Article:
• ‘This opaque crystal is a powerful aura cleanser and can be used to clear sacred spaces.’
  • 2Highly transparent glass with a high refractive index.

    [as modifier] ‘a crystal chandelier’
    • ‘To wash it all down, we stuck with the house white - an Australian wine, which is drunk from some new exquisite long stem crystal glasses.’
    • ‘Goods valued at thousands of euro, including crystal glass, have been taken by shoplifters, believed to be from Cork and Waterford, from a number of stores.’
    • ‘Whether it's made of glass or brass, cutglass crystal or ceramics, a vase is a thing of beauty, writes SURABHI KHOSLA.’
    • ‘Chorusing male red-ruffed fruit crows sound like breath blown across a bottle, followed by a finger spun along the wet rim of a crystal glass.’
    • ‘‘There will be six pottery stalls, two selling stainless steel saucepans and one selling crystal glass,’ he said.’
    • ‘High-grade crystal glass has its own delicate sound.’
    • ‘Cut glass crystal was the mainstay and it took the intervention of fashion designers into the glass industry to turn the thinking around.’
    • ‘Although the magical scenery filled with priceless glass and crystal furnishings was spectacular and worth a closer look, the two had no time to marvel at it.’
    • ‘There are over 40 varieties made from clay, marble, granite, brass, panchaloka, aluminium, papier-mâché rosewood, sandalwood, crystal glass etc.’
    • ‘Lifting up his glass of water, and noting the way the pure crystal glass glinted in the harsh light, he took a small sip from it.’
    • ‘There will also be a show of local crafts including fretwork, crystal glass, embroidery, dancing costumes, placemats, potted plants, flowers, and taxidermy.’
    • ‘The inside of the restaurant is splendid and elegant, decorated with green crystal glass screens dividing it into different dining areas with dazzling dragon wall sculptures.’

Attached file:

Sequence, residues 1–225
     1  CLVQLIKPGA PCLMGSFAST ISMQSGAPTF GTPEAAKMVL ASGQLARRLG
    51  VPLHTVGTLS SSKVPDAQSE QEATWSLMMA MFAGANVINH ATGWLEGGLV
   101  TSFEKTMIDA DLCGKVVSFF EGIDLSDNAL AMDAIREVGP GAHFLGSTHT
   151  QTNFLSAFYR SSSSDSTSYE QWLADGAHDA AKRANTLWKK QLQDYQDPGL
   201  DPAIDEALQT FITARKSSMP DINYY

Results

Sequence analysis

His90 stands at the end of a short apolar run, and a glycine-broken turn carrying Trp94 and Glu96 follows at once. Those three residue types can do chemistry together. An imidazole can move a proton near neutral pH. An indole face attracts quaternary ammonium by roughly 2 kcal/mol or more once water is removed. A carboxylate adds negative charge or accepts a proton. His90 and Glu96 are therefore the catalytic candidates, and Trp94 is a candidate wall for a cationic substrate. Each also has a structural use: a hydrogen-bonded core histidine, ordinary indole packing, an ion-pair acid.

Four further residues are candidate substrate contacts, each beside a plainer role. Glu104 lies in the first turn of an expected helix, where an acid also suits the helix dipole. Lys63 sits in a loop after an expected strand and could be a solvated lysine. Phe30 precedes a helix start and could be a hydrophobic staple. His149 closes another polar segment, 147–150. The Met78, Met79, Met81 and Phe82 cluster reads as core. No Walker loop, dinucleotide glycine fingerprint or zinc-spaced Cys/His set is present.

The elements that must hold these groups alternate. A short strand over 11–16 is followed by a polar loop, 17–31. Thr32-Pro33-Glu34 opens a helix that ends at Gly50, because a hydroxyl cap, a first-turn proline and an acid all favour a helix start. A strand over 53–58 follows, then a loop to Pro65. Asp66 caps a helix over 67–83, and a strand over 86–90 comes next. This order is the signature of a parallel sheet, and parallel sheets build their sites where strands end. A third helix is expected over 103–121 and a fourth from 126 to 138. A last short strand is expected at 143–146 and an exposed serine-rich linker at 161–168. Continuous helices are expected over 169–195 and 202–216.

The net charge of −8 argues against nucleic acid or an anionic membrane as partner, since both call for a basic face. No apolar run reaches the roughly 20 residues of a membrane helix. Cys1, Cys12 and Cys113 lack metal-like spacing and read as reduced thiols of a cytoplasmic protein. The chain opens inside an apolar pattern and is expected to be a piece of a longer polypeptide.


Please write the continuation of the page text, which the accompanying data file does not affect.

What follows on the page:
• ‘Alexander shouted impatiently, banging his crystal glass of whisky down on the desk and spilling it slightly.’
    • ‘But she remembered one dream in detail and knew it to be a dream: She was at a party in a mansion with large mirrored rooms and crystal chandeliers.’
    • ‘The place was a mess; all the tables were either broken or burnt to cinders, crystal glass and china fragments littered the floor along with shattered cutlery and shredded table cloths.’
    • ‘Expect the best crystal wine glasses, such as Schott or Riedel, in the correct shape for each wine, be it a Tempranillo or a Sauvignon Blanc.’
    • ‘For instance, one room is completely walled in mirrors with huge crystal chandeliers hanging from the ceiling.’
    • ‘Canoe camps range from fully catered varieties with luxury tents and crystal glass down to more basic operations where you put up your own mosquito net and join in with the cooking.’
    • ‘The other terms that confuse many are the words crystal, cut crystal, or crystal glass.’
    1. 2.1 Articles made of crystal glass.
      ‘a collection of crystal’
      • ‘The table is set as usual, with great attention to detail, with glimmering silver and shining crystal, but today I cannot find any delight in it.’
      • ‘The company is cutting jobs and closing plants to save money as demand ebbs for its china dinner services, glassware and crystal because consumers are spending less.’
      • ‘But the real highlight of the trip was dinner, served in the opulent dining cars by candlelight on linen, with crystal, flowers and silverware.’
      • ‘Lace tablecloth, lace napkins, her mother's best china and Waterford crystal, and real silver silverware.’
      • ‘Tables seating two to 10 are set with fine linen, china, silver, and crystal.’
      • ‘I used the best china, crystal, and silver for the table.’
      • ‘Many little crystal and silver figures were placed on the ledge.’
      • ‘I returned his smile, moving off to investigate a small glass case of crystal figurines sitting beside one of the cash registers.’
      • ‘I held my breath until he set the glass down on the counter envisioning what would happen to us if we broke a piece of Mother's crystal.’
      • ‘Take larger valuables such as the family crystal, silverware, and china, and pack them away.’
      glassware, crystal, crystalware
      View synonyms
    2. 2.2 The glass over a watch face.
      • ‘The cornea is the clear part of the eye much like a watch crystal.’
      • ‘The only description I can equate is when the watch crystal catches a beam of sun and dances around the walls/ceilings.’
      • ‘Sapphire crystal is the cover of choice for premium watches.’
  • 3informal

    short for crystal meth (methamphetamine)

adjective